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When you want to lift or pull more than your own strength will permit, or when you want to make a heavy lifting job a little easier, the rope tackle is a device that can be used.

The idea behind a rope tackle is similar to that of a tackle using blocks and pulleys. In a rope tackle, one lead (end) of the rope has to be fixed. That is, it has to be anchored around a spar or tied through a ring or other piece of hardware that doesn’t move.

Follow this link for a full description with diagrams and illustrations: ROPE TACKLE FOR PIONEERING USE

Step 1: Form the Fixed Loop

Start with a Butterfly Knot in the desired position along the standing part of the rope.

Step 2: Use the Fixed Loop

When there is lots of line, make a bight in the running end and feed it through the fixed loop of the Butterfly Knot.

Step 3: Tighten the Rope

To tighten the line, grab a hold of the bight and pull it towards the anchor.

Step 4: Secure the Rope Tackle

When the desired tension is put on the line, with one hand, keep the line taut, and holding the bight in the other hand, use the bight to form a half hitch around both tight lines.

Step 5: Maintain the Tension

As the half hitch is secured, maintain the tension on the line by pinching the standing part, making sure it doesn’t slip.

Step 6: Dress the Half Hitch

Still maintaining the tension on the tightened lines in the standing part, cinch the half hitch up close to the fixed loop of the Butterfly Knot.

Step 7: Finish the Rope Tackle

As an added measure, tie another half hitch around the tightened lines. All excess rope should be coiled under the knots.
I had to look up what it is called, but I use a Magnus Hitch rather than Two-half Hitches. It holds the rope tighter so you don't have to slide the hitch right up against the Alpine Butterfly. Makes it easier to untie.
Yes! I RECENTLY came across that alternative. In pioneering terminology, the common name for the Magnus Hitch is&nbsp;<a href="http://scoutpioneering.com/2013/01/29/rolling-hitch/" rel="nofollow">Rolling Hitch</a>, and though I haven't yet used it on a rope tackle during a real life setting, by its very nature I know it works great! It's one of my favorite pioneering knots, and using it simplifies the rope tackle procedure&mdash;namely, less messing around to keep the line taut as the tackle is secured. By the way! To grasp how the Rolling Hitch is functioning, in this application it can be seen as Taut Line Hitch around the bight! What can be more simple?!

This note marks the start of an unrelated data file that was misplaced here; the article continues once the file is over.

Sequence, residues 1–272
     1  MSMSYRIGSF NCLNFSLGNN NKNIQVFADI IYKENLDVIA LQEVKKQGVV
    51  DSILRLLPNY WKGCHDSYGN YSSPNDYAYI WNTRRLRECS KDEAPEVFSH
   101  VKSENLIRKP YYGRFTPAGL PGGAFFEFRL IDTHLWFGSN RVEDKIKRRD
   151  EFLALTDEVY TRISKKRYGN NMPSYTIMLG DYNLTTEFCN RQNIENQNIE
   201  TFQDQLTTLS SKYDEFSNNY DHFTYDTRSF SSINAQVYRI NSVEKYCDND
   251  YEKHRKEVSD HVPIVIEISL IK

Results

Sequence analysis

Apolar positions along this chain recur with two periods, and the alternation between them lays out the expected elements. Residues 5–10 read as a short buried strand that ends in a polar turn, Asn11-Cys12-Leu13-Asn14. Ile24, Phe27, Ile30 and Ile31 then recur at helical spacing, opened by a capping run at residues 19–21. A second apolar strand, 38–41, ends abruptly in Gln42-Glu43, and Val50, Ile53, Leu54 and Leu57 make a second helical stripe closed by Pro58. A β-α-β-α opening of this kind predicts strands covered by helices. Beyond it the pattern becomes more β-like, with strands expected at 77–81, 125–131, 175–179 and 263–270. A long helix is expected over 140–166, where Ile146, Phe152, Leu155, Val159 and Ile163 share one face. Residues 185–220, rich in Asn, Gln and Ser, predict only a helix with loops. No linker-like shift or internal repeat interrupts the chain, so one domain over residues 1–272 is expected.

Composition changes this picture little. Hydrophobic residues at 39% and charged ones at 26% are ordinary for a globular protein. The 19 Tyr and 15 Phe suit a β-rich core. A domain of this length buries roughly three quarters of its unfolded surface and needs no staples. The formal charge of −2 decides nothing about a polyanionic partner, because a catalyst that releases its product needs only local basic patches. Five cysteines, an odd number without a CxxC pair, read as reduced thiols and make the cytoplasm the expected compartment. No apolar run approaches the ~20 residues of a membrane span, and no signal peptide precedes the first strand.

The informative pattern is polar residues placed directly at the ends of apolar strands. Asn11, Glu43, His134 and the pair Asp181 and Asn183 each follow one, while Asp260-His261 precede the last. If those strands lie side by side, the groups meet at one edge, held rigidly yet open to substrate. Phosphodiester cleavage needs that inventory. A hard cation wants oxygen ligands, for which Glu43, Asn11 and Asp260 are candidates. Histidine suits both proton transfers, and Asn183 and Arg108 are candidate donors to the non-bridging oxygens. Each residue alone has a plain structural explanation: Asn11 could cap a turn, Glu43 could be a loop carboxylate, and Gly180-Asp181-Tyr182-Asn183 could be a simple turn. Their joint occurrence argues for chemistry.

However, with further application and thought, when not cinching the hitches flush against the fixed loop, the rope can slide. After all, a taut line hitch (rolling hitch around the standing part) is tied to maintain tension on a guy line, BUT it's also designed to slip.
<p>Thank's, I'm learning. I'v been meaning to learn more about knots.</p>
Did this last summer with scout troop, and we hauled logs around for making our lashed tower. Love these pioneer skills! Well done.
Great stuff Larry. Fairly easy to grasp, it helps to have a rope handy :)
When the line is shorter, just thread the running end through the fixed loop without making a <a href="http://scoutpioneering.com/2013/02/11/knot-tying-terminology/" rel="nofollow">bight</a>.

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Bio: I believe in giving our Scout youth repeated opportunities to engineer and orchestrate the construction of useful pioneering projects. Building pioneering projects contribute to the ... More »
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